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Cleora Curtis

Type species: cinctaria Denis & Schiffermüller, Palaearctic.

Synonyms: Aegitrichus Butler (type species lanaris Butler, Fiji); Barsine Meyrick (praeocc., replaced by Meyrickia Butler, type species panagrata Walker, New Zealand); Carecomotis Warren (type species perfumosa Warren, Queensland); Cerotricha Guenée (type species licornaria Guenée, Tahiti); Chogada Moore (type species alienaria Walker); Neocleora Janse (type species tulbaghata Felder, S. Africa).

This genus has been the focus of several intensive studies, addressing major species groups or faunas within it (Prout, 1929b, 1937; Fletcher, 1953, 1967; Robinson, 1971; Sato, 1989). It is diverse throughout the Old World tropics and extends weakly into temperate latitudes and to N. America. It is well represented on Pacific islands, and the diverse endemic Hawaiian genus Scotorythra is probably closely related (Zimmerman, 1953; Fletcher, 1967), but the males lack a forewing fovea and have reduced ornamentation of the valve sacculus.

The relationships of Cleora to boarmiine genera with similar external appearance are discussed by Fletcher (1967). There is a prominent fovea on the male forewing, and the antennae are strongly bipectinate over the basal half to two thirds, quadripectinate in some species (D. Stüning, in litt.). The genitalia are distinguished by strong ornamentation on the sacculus, usually between one to three robust spines or other sclerotised processes. The aedeagus vesica is bifurcate, each arm bearing cornuti that are often very large.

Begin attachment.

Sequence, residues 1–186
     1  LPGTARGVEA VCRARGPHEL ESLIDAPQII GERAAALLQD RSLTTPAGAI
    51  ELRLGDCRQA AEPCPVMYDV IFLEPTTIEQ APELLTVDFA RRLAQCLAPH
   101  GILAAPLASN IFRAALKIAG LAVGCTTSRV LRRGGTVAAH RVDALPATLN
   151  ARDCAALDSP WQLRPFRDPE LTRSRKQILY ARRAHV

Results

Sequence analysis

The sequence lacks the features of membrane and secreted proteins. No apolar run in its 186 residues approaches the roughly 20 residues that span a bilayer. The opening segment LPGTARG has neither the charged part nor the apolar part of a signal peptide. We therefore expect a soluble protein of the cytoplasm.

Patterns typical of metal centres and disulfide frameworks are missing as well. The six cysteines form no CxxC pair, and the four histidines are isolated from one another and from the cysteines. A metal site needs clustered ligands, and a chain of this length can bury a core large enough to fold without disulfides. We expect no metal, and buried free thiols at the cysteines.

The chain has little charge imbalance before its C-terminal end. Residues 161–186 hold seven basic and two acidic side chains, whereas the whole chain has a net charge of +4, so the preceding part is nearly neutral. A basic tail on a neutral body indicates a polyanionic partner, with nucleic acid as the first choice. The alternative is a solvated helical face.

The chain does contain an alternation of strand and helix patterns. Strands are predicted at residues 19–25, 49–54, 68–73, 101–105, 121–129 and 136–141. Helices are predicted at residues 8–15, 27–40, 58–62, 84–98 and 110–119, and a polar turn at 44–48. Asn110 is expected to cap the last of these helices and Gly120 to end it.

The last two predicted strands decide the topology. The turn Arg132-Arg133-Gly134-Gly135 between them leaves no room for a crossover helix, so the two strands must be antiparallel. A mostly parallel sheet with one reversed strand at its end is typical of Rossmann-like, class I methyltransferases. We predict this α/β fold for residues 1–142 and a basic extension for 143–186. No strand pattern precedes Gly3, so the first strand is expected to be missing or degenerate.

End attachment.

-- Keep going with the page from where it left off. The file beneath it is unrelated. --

In the female the ovipositor lobes are elongate, slender as in Scotorythra and related genera such as Ascotis Hübner and Cusiala Moore. Ectropis Hübner (discussed next) also has extended ovipositor lobes (Sato, 1984a). The bursa copulatrix is also long, extensively sclerotised and fluted over a long basal section, usually with a typical ennomine signum in the distal bulb.

In the larvae of some species, Sato (1984a) noted a large tubercle present posteroventrad of seta D1 on each side of A2 (See C. alienaria Walker and an illustration in Sugi (1987)). Most are probably polyphagous defoliators of trees, and Cleora species have been recorded in large numbers from plantations of leguminous softwood trees in Sabah (Chey, Speight & Holloway, 1993). Two (C. alienaria Walker, C. decisaria Walker) have been reared from one of these plantation trees, Paraserianthes falcataria, so the genus may have pest potential.

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